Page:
“A vivid narrative that poses an urgent and universal question: how to survive as a woman while balancing personal responsibility, solidarity, and pacifist ideals. Readers first meet ‘The Corset Maker’ as she rebels against her Orthodox Jewish upbringing in inter-war Warsaw, striking out for independence with her friend to open a corsetiere’s shop. The departure of her elder sister to join Jewish settlers in Palestine and the arrival of Nazism in Poland combine to send her on an odyssey through Israel and Europe during the cataclysms of the mid 20th century. As she encounters danger and suffering and the anguish of an impossible love she is plunged into political and personal conflict. She is constantly forced by circumstances to question and challenge her own deeply held principles, yet her resilience and commitment to the welfare of others continually shine through the darkest moments.
—Maybelle Wallis, physician and author of “Heart of Cruelty;” Wexford, Ireland
“What a life. What a story. What a journey! Page after page, a woman is revealed whom I wish I could have met in real life. She is an inspiration to every woman trying to find her very own path.”
—Cilia Ebert, Head of Strategy and Planning, German Federal Ministry for Family, Youth, Women and Senior Citizens; Berlin, Germany
“In ‘The Corset Maker,’ Annette Libeskind Berkovits gives us a fascinating novel, spanning
decades of the history of Europe – from Poland to Spain and France – and Palestine, where the future State of Israel is being born. Through a unique friendship between two women, the author explores profound themes such as feminism and pacifism, while placing those ideas against the stark reality of 20th-century history: the Civil War in Spain and the rise of fascism and antisemitism. The reader is drawn into the rich, powerful, and thoughtful narrative.”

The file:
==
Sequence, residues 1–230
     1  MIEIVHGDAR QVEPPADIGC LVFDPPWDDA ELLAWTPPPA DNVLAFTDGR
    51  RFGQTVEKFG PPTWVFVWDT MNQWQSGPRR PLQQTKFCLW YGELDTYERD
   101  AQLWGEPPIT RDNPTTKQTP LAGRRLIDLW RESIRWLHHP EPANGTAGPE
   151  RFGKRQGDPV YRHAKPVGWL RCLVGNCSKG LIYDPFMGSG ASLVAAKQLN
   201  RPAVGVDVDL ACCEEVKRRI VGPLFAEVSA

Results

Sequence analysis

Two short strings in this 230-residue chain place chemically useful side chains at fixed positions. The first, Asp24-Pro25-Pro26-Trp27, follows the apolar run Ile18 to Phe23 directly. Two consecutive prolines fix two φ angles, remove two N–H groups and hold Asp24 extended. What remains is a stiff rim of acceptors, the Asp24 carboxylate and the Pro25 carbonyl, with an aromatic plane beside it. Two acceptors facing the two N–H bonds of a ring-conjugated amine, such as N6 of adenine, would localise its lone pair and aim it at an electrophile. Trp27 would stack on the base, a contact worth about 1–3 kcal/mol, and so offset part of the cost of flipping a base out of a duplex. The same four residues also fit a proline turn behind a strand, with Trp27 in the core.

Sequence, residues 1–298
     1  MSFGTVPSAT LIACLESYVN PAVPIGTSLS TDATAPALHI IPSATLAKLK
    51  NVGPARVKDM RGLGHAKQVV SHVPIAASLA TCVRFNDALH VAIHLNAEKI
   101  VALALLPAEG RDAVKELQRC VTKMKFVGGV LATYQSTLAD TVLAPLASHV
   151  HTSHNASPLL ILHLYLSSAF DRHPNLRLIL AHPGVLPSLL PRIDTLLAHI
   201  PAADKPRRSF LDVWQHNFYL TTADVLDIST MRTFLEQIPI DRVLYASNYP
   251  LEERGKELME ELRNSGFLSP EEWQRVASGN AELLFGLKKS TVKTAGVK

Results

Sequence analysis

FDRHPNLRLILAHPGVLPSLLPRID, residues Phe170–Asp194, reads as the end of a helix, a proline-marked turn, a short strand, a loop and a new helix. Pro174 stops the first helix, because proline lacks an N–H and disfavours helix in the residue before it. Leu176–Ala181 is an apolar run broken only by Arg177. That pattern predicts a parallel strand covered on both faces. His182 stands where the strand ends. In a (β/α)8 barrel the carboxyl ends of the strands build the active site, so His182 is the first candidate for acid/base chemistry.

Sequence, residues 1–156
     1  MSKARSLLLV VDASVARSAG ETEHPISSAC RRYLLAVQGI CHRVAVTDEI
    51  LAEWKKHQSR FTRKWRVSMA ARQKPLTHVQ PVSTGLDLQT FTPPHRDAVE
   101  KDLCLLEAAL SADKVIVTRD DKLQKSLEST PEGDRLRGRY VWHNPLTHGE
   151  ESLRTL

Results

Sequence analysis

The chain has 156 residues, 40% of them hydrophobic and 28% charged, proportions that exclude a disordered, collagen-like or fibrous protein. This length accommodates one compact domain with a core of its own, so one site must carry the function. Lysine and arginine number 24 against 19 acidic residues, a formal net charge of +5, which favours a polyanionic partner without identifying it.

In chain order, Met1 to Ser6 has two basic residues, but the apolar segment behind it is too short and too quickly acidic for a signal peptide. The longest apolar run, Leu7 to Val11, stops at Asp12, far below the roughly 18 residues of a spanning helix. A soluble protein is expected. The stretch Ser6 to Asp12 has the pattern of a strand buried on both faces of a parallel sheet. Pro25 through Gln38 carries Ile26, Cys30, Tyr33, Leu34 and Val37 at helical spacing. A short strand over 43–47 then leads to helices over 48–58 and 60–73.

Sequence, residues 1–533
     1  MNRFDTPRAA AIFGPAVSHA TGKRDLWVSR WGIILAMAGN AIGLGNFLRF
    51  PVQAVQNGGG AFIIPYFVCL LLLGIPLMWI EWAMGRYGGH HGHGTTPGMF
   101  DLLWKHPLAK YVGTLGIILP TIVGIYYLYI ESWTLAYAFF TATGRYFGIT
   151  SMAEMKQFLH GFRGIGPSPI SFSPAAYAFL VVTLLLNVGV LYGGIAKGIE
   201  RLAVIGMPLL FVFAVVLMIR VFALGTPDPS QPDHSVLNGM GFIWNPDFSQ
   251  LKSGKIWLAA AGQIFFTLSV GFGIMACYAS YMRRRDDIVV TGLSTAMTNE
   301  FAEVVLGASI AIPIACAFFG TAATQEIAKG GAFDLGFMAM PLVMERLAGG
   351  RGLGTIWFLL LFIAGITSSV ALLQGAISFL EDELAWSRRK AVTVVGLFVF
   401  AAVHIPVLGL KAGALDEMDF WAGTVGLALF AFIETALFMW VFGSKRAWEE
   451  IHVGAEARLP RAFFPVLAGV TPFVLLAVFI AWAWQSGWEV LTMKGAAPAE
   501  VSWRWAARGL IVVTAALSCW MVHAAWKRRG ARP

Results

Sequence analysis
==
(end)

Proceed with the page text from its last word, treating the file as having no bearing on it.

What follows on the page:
—Philip Jolly, journalist; London, United Kingdom
About Amsterdam Publishers; Amsterdam, The Netherlands
Why is publishing Holocaust memoirs by survivors and Holocaust-related literature important?
Amsterdam publishers is the largest international publisher in Europe of Holocaust memoirs by survivors.
Covid-19 has hastened the departure of many Holocaust survivors, resisters, and eyewitnesses of the Second World War. This is especially troubling news given the current rise of antisemitism, neofascism, political extremism, and manipulation of the facts about the Holocaust across the world. During the events at the Capitol on 6 January 2021 some of the rioters wore anti-Jewish hate shirts making mockery of the
annihilation of European Jews.
As never before, reading about the Holocaust seems crucial. We need not only facts and figures, though these, of course, are essential. We need the stories behind the numbers. We need to learn about the life experiences of individuals and families. What were their lives like before, during and after the Holocaust.